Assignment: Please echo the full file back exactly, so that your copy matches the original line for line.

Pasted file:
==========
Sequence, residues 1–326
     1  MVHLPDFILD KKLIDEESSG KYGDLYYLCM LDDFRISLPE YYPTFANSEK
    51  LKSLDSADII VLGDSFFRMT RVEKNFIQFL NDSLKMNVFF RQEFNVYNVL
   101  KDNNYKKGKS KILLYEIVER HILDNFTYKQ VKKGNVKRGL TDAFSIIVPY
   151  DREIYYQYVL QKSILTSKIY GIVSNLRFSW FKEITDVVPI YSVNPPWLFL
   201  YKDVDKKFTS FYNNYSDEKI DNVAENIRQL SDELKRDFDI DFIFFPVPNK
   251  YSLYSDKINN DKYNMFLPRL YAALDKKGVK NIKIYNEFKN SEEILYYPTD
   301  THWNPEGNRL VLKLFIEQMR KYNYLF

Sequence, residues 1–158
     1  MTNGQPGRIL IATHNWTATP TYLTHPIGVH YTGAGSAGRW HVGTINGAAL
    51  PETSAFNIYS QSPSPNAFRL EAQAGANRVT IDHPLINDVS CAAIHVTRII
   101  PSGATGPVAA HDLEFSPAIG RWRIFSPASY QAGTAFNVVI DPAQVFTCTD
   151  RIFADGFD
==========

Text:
Sequence, residues 1–326
     1  MVHLPDFILD KKLIDEESSG KYGDLYYLCM LDDFRISLPE YYPTFANSEK
    51  LKSLDSADII VLGDSFFRMT RVEKNFIQFL NDSLKMNVFF RQEFNVYNVL
   101  KDNNYKKGKS KILLYEIVER HILDNFTYKQ VKKGNVKRGL TDAFSIIVPY
   151  DREIYYQYVL QKSILTSKIY GIVSNLRFSW FKEITDVVPI YSVNPPWLFL
   201  YKDVDKKFTS FYNNYSDEKI DNVAENIRQL SDELKRDFDI DFIFFPVPNK
   251  YSLYSDKINN DKYNMFLPRL YAALDKKGVK NIKIYNEFKN SEEILYYPTD
   301  THWNPEGNRL VLKLFIEQMR KYNYLF

Sequence, residues 1–158
     1  MTNGQPGRIL IATHNWTATP TYLTHPIGVH YTGAGSAGRW HVGTINGAAL
    51  PETSAFNIYS QSPSPNAFRL EAQAGANRVT IDHPLINDVS CAAIHVTRII
   101  PSGATGPVAA HDLEFSPAIG RWRIFSPASY QAGTAFNVVI DPAQVFTCTD
   151  RIFADGFD